The pope has been protected by the Swiss Guard for over 500 years. Here are several fascinating facts about the Swiss Guard and their primary functions.
1Protecting the pope since 1506
In 1505 a treaty was made between Pope Julius II and Swiss Cardinal Schinner for the Swiss to supply approximately 250 men as a body-guard to the pope.
The official founding date of the Swiss Guard is January 22, 1506, and the corps remains an active security force with both ceremonial and practical assignments within Vatican City.
2Only open to male Swiss citizens
The Swiss Guard is an all-male corps and Swiss citizenship is a basic requirement.
3Must be at least 5 feet 8 inches tall
There is a size requirement for the Swiss Guard of roughly 5 feet, 8 inches tall. This is likely due to the ceremonial nature of the job.
4Need to be single and between the ages of 19-30 to apply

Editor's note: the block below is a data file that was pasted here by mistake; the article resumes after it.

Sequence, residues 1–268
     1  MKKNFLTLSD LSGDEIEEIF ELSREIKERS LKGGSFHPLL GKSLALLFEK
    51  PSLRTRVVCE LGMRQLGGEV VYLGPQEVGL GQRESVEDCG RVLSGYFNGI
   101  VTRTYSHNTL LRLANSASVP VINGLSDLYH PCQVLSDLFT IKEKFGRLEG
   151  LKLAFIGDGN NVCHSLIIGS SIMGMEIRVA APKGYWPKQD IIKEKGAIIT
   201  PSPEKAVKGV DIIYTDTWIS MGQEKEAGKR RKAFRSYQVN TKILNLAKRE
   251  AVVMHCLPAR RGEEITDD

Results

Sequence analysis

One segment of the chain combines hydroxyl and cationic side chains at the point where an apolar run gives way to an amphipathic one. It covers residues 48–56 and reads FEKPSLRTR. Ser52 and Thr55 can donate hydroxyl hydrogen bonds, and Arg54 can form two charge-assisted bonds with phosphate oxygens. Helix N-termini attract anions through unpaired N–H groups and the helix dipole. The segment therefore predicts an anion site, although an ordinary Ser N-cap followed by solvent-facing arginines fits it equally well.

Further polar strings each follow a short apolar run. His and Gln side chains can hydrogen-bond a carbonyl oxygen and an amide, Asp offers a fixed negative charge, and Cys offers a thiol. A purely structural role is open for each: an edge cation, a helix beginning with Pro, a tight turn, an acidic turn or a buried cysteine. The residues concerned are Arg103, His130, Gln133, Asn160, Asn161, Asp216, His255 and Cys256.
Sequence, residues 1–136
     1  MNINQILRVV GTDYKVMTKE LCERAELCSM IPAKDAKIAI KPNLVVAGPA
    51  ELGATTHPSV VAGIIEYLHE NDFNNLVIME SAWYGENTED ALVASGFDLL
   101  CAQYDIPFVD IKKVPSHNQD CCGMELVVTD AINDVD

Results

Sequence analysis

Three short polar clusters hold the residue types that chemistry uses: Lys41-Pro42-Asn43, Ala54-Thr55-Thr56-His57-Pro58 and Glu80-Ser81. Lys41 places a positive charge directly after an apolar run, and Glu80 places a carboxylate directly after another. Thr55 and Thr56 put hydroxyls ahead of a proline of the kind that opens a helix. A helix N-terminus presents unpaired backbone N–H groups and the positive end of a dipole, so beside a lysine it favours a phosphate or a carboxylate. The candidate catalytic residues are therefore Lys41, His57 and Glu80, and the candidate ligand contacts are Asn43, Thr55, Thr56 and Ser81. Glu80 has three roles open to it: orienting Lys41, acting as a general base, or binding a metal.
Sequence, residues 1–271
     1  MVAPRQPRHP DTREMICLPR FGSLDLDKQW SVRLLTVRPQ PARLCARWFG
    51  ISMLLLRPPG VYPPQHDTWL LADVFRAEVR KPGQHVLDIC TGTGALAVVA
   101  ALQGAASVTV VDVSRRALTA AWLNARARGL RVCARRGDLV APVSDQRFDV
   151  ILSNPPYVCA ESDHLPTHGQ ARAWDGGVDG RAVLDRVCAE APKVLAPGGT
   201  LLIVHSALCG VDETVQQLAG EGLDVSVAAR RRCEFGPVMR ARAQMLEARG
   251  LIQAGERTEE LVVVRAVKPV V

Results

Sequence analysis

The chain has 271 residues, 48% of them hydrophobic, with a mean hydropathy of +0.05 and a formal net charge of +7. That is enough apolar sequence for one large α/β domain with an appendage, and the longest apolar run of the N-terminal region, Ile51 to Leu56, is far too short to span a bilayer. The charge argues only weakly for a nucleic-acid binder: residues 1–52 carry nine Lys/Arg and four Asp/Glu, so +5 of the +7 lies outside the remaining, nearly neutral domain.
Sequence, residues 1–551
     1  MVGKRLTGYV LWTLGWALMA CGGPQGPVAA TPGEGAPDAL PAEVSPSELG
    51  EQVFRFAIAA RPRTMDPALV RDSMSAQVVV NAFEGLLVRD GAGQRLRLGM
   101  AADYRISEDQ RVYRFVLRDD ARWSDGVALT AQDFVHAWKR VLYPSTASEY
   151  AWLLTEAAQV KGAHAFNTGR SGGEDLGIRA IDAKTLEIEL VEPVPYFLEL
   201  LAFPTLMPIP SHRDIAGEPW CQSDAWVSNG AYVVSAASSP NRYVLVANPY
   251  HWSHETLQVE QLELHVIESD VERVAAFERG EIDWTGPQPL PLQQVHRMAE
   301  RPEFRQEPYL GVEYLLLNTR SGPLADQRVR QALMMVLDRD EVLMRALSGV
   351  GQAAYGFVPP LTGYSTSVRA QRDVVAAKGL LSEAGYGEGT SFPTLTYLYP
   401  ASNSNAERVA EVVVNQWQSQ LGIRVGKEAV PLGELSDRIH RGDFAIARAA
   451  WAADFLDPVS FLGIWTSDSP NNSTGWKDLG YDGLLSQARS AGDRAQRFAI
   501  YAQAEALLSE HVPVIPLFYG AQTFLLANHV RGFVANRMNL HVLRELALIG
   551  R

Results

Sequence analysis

The candidate must be single to join the Swiss Guard. Individuals may marry after joining, but the guardsman must be at least 25 years old, have already served five years and commit to an additional three years of service.
5Required to be a practicing catholic
Members of the Swiss Guard must be Catholic, as they need to be present at Catholic liturgies and also lead a life of prayer. There is a priest chaplain for the Swiss Guard who tends to the spiritual needs of the guards.
6Active security guards for the pope and Vatican City
The Pontifical Swiss Guard constantly keep watch over the pope and his private residence. They guard the official entrances to the Vatican City, run access checks, and are available to the many international visitors to the Vatican.
The Swiss Guard are present at all papal audiences and church ceremonies where the pope is present. They can be seen in both traditional uniform and in civilian clothes.
They also accompany the pope on all domestic and international trips and are similar in some ways to the U.S. Secret Service.
7Swiss Guards are armed with Swiss military weapons
Many ask if Swiss Guards carry guns. The answer is yes, guards in civilian clothes carry pistols, rifles, or submachine guns. They are trained in the Swiss Armed Forces recruit school and are military servicemen, not simply there for looks.
If necessary, the Swiss Guards can use the ceremonial weapons they carry as well.